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Maize Evolution from 500 B. C. to the Present
Robert McK. Bird
Vol. 12, No. 1 (Mar., 1980), pp. 30-41
Published by: Association for Tropical Biology and Conservation
Stable URL: http://www.jstor.org/stable/2387771
Page Count: 12
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Variation in modern maize relates to recent and ancient cultural events. Large complexes of maize races are usually characteristic of certain cultural regions and help to define boundaries and histories. Most of the regions were established by 2000 years ago; clear differentiation of maize must have also occurred by then. Twenty-four racial complexes, numerous sub-complexes, and six regions have been defined here and elsewhere. Most of the complexes seem descended from seven ancestral types plus continual teosinte introgression. Spreading and interaction of these ancient types has had as important consequences as their isolation within regions. Testing of the component hypotheses will be done through continued interdisciplinary study.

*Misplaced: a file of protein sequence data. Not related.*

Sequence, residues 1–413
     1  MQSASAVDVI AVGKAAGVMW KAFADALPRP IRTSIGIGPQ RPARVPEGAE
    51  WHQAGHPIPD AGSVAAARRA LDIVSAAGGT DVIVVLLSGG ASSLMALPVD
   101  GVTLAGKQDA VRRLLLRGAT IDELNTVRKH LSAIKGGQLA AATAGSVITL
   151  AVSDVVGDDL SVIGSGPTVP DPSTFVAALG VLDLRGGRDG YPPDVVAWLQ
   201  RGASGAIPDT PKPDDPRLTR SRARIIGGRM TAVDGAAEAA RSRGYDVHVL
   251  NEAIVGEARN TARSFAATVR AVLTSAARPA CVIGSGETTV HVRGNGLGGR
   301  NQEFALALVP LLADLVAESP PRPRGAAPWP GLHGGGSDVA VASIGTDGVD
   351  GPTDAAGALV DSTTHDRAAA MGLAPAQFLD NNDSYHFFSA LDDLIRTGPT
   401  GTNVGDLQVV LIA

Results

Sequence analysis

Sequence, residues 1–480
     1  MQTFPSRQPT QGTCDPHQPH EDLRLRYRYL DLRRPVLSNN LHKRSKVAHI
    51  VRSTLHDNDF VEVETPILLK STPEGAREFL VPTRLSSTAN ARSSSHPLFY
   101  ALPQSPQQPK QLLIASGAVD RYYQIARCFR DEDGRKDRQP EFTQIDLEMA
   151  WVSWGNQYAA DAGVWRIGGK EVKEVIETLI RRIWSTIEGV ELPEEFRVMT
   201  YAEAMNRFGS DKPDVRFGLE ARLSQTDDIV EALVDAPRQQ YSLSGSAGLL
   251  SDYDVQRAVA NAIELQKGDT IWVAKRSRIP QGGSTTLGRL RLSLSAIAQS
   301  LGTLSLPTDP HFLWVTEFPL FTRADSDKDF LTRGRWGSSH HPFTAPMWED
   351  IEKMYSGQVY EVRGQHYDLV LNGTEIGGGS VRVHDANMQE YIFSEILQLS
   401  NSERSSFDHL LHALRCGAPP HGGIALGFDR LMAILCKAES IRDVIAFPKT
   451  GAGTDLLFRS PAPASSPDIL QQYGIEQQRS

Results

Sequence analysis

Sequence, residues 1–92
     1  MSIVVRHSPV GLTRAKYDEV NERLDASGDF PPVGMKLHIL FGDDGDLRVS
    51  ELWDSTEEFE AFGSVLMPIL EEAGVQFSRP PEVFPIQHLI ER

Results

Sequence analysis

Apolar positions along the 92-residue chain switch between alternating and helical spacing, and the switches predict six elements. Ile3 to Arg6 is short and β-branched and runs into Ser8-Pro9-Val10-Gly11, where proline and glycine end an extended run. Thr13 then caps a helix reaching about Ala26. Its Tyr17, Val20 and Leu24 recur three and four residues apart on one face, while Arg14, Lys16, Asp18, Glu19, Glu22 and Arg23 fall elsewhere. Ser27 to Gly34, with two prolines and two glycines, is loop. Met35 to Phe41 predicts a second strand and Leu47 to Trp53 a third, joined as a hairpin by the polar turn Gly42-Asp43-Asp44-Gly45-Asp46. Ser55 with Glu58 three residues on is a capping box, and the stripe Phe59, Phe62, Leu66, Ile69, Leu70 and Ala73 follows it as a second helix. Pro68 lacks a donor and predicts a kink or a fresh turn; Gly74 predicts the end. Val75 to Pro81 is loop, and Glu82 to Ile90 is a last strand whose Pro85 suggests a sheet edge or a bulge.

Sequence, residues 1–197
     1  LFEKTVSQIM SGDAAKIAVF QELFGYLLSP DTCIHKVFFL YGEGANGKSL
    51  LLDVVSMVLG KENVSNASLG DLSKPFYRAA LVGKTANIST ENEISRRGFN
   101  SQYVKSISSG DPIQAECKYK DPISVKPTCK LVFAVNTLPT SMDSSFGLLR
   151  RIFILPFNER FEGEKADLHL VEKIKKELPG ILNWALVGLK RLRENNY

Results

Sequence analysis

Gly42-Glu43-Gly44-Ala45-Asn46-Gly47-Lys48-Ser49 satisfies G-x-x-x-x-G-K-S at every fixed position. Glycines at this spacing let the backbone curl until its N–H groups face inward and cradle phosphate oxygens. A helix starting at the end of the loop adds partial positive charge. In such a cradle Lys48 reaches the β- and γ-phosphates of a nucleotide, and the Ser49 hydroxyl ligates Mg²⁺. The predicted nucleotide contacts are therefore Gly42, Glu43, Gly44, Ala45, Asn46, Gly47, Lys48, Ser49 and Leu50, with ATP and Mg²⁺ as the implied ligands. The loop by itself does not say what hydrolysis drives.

Biotropica © 1980 Association for Tropical Biology and Conservation